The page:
Financial market data is now a huge revenue earner: spending on market-related data and news has grown at a compounded rate of 13 percent a year since 2012, according to consultancy firm Burton-Taylor, and now tops $30bn a year.
But will the past success of data firms in the traditional financial markets be replicated in the anarchic cryptocurrency sector? In cryptocurrencies, there’s a tradition of permissionless trading and free and open access to information.
New Money Review met recently with Charles Hayter, CEO of CryptoCompare, a leading provider of cryptocurrency data.
New Money Review: What does CryptoCompare do?
Charles Hayter: We are a one-stop shop for cryptocurrency data. We collect, consolidate and disseminate data from around 160 cryptocurrency exchanges worldwide. For example, we integrate order book and trade data into Refinitiv’s financial desktop platform, Eikon.
There are about 14 million users of our Application Programming Interface (API), representing a cross-section of the cryptocurrency ecosystem, from funds through to individuals.
And we help create financial products and indices from cryptocurrency data. For example, we have an agreement with Nasdaq to help create cryptocurrency futures products, and we are the data provider for Van Eck’s cryptocurrency indices.
Social data can act as a leading indicator of market activity
New Money Review: How would you categorise cryptocurrency data?
Charles Hayter: There are five pillars of data in the cryptocurrency ecosystem.
First there’s trade data, the prices at which trades have taken place.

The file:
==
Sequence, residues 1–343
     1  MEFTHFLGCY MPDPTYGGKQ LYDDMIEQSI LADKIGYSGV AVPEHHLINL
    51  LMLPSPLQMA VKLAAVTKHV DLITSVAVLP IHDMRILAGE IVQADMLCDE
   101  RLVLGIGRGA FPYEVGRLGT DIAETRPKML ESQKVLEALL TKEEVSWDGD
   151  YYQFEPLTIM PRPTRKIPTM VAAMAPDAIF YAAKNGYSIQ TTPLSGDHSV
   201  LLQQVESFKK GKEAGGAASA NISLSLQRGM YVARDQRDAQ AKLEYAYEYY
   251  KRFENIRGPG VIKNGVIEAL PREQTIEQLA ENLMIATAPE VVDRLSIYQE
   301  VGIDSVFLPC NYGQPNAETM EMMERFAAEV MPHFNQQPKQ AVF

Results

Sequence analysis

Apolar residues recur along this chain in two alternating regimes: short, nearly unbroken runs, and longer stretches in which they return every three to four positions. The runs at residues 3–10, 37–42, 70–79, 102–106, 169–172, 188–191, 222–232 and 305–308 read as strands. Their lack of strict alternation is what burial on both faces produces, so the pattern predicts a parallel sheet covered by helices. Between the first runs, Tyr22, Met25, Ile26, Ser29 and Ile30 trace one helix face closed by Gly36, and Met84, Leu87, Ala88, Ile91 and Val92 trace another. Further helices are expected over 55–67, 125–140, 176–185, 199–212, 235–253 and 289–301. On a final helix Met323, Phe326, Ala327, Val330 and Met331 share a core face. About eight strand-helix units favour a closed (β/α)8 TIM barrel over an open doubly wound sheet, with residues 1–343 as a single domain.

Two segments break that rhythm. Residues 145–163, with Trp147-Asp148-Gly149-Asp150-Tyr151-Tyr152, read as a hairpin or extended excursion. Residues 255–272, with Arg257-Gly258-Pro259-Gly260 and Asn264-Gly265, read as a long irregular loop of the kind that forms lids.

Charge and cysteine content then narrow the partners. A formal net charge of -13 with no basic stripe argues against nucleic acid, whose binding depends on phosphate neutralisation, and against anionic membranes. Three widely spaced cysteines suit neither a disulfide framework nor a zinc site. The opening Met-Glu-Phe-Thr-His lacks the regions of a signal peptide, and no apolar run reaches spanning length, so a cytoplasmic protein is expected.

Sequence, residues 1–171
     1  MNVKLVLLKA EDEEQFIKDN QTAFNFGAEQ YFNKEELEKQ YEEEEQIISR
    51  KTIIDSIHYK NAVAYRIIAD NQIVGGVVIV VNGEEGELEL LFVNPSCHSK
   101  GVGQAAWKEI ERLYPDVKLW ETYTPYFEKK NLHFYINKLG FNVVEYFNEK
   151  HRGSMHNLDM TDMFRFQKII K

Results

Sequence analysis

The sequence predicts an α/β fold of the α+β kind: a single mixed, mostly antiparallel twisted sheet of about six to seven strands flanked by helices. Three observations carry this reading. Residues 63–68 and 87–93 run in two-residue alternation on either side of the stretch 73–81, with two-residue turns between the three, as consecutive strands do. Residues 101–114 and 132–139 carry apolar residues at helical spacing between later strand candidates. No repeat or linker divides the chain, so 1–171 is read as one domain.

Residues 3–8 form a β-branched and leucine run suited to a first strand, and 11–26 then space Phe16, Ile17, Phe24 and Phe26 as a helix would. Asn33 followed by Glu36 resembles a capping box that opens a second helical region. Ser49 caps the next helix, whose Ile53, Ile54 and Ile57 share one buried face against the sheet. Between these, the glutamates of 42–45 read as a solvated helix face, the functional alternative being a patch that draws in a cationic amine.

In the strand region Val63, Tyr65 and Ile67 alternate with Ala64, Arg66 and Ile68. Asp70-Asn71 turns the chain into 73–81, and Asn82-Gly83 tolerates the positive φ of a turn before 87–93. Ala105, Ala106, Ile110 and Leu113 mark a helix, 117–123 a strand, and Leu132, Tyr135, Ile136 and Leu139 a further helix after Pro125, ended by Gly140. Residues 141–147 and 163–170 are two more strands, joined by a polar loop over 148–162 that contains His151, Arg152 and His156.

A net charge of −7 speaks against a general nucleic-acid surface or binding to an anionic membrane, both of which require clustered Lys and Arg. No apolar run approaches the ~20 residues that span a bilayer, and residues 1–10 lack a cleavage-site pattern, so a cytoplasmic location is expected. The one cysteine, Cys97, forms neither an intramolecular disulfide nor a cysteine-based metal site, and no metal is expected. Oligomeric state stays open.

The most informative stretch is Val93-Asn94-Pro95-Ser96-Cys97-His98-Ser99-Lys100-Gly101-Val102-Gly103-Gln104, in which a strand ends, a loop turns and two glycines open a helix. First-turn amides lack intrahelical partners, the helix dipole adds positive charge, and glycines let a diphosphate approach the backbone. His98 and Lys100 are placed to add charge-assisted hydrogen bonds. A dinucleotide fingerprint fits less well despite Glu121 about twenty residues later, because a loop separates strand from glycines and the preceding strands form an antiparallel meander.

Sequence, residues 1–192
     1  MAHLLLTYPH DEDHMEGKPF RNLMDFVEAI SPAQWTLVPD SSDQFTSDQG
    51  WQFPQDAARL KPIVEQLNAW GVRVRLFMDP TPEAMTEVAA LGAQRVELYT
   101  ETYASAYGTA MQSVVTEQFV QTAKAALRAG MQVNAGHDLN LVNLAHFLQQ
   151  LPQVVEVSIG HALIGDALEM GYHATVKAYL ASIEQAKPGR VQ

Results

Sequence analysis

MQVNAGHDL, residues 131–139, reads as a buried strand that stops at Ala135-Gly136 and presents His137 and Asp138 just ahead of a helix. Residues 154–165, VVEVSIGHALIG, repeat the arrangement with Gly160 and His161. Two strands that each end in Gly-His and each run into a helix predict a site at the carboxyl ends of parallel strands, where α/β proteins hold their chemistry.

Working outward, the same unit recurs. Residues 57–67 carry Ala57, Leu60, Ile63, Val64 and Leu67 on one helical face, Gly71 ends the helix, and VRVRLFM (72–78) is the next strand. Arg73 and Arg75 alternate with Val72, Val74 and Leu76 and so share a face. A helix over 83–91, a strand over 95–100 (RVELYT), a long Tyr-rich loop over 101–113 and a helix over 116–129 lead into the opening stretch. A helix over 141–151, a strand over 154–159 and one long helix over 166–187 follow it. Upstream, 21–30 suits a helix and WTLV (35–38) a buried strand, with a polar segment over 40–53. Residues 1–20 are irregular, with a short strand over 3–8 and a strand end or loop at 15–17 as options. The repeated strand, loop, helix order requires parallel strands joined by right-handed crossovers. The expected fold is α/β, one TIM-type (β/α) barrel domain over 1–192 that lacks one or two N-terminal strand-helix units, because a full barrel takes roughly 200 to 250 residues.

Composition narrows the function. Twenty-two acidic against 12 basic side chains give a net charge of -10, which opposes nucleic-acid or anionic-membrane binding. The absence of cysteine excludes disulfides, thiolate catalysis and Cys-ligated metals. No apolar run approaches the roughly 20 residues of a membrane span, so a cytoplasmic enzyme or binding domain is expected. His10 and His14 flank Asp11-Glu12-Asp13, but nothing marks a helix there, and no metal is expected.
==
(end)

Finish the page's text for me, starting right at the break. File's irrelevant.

Second, there’s order book data: the prices at which people were or are willing to trade.
Third, there’s blockchain data, the fundamentals of the cryptocurrency ecosystem.
Fourth, there’s static data: coins in issue, for example, or categorisations of different types of coin.
Finally, there’s social data, such as feeds from Twitter, Github and Reddit. These can act as a leading indicator of market activity.
Ultimately, you need to look at all the available data holistically. Examining just one pillar might give you a misleading picture.
New Money Review: Could you give an example of how social data relates to cryptocurrency price activity?
Charles Hayter: In 2016, Mike Hearn, a well-known early bitcoin developer, wrote a paper attacking the bitcoin network and saying it had failed. As people started digesting the paper you could see an impact on bitcoin’s price. At the same time, you could track this readership activity by looking at the number of times a Reddit thread mentioning Hearn’s paper had been viewed.
So we can automate this process, calling up the Reddit API to look at cryptocurrency-related activity. Then we can add a layer of sentiment analysis on top of the comments, looking for key words, and so on.
Exchanges and data firms are in a symbiotic ecosystem
New Money Review: Stock exchanges charge for access to market data. But most cryptocurrency market data is open access. Doesn’t this fundamentally change the business model for data firms?
Charles Hayter: Cryptocurrency exchanges generally provide free access to market data, but tend to restrict what you can do with the data afterwards. We have contracts with over 80 exchanges, allowing us to create derived data products.